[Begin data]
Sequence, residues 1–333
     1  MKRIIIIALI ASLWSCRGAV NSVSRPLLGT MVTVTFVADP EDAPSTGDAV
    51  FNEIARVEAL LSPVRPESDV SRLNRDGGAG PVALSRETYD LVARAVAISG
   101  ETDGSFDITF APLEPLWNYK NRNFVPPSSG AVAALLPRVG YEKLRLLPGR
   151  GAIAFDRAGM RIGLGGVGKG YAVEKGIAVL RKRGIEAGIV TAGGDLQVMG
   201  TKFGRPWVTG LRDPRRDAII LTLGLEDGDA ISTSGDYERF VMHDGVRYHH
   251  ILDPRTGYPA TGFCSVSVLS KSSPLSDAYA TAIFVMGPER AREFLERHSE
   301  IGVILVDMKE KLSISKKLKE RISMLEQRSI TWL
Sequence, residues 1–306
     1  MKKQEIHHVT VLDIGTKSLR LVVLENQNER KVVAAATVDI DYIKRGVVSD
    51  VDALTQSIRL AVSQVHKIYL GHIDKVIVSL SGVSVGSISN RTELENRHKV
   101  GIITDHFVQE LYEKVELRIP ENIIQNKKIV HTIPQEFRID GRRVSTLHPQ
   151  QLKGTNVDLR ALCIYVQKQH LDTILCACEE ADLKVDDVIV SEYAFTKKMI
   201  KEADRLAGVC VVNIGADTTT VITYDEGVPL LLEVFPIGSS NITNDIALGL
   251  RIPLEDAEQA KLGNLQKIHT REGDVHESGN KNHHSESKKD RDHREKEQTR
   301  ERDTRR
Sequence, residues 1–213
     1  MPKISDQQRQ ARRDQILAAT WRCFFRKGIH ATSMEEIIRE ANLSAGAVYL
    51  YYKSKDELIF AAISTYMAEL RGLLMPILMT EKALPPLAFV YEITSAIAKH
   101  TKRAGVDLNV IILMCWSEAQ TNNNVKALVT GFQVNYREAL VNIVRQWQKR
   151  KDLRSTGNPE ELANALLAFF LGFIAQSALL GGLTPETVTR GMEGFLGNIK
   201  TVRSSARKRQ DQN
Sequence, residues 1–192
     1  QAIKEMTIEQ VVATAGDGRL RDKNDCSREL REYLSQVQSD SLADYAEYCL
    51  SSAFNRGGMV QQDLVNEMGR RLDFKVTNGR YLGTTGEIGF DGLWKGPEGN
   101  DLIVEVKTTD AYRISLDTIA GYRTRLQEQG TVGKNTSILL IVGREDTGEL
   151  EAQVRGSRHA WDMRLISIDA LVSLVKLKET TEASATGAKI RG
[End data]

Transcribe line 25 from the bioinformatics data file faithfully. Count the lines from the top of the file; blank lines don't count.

    51  SSAFNRGGMV QQDLVNEMGR RLDFKVTNGR YLGTTGEIGF DGLWKGPEGN